By Kristy Dorsey

Nearly three-quarters of Scots are uncomfortable sharing more data about their lives with banks and big tech companies to access financial services more easily, according to a new report.

The findings from the Finance Innovation Lab come as the Financial Conduct Authority (FCA) gathers industry input on the development of Open Finance, which aims to create a wider range of products and services through third party data sharing. This would allow information such as mortgages, savings, pensions, insurance and consumer credit to be shared.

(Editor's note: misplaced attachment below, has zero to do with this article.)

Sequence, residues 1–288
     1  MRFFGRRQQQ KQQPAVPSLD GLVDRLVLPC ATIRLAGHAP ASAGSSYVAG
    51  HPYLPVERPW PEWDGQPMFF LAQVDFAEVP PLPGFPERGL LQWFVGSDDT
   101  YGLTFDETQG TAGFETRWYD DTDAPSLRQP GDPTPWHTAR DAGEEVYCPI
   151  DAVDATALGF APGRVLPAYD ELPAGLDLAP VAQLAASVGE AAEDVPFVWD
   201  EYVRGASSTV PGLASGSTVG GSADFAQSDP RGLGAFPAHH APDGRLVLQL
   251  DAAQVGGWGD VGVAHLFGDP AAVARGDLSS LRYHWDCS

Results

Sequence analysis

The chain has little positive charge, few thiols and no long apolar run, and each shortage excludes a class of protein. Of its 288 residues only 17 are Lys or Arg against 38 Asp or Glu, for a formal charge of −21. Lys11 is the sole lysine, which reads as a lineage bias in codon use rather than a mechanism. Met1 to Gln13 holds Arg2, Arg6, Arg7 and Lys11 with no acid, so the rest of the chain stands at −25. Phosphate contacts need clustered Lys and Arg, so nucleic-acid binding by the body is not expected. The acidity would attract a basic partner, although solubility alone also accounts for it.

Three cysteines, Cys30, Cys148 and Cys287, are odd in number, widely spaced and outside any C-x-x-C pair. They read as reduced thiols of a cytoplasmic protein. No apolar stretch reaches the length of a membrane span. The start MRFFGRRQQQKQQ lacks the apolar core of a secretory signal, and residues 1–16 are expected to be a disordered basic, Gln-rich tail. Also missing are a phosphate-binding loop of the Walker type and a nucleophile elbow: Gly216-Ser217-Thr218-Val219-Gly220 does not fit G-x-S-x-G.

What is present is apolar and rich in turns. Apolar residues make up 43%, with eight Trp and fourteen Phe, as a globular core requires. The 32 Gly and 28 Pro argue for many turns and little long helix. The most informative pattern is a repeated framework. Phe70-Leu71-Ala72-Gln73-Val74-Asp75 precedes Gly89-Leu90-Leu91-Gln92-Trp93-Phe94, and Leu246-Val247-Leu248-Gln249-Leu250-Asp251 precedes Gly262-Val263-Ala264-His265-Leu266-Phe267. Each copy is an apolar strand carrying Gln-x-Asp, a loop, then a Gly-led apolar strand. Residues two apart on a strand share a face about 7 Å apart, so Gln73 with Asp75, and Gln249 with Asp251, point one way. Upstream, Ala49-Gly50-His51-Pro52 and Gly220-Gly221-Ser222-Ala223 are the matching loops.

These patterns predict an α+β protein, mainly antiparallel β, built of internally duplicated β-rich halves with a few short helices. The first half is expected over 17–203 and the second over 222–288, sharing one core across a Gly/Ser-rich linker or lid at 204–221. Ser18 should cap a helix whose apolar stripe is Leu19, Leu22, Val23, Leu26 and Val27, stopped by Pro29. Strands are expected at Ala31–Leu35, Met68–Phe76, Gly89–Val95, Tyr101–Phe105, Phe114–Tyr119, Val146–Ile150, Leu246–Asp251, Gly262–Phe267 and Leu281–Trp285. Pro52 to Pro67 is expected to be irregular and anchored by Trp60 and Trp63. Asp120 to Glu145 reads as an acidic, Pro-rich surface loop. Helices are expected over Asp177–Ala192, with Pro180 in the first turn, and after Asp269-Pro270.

READ MORE: 'Open Banking’ customers can benefit by allowing third parties to access finances

But the Finance Innovation Lab points out that many consumers are unconvinced by the benefits of Open Finance, with 69 per cent of people across the UK saying they are uncomfortable about sharing more of their data. In Scotland, that number rises to 73%.

The report also warns that increased use of personal data could put millions of vulnerable people at risk of financial difficulty. According to the FCA, more than half of the UK population, nearly 28 million people, are at risk of financial vulnerability.

The report includes 12 recommendations to mitigate the risks of Open Finance. The Finance Innovation Lab was set up in 2009 by WWF-UK and the ICAEW to help change the financial system so its serves people and the planet.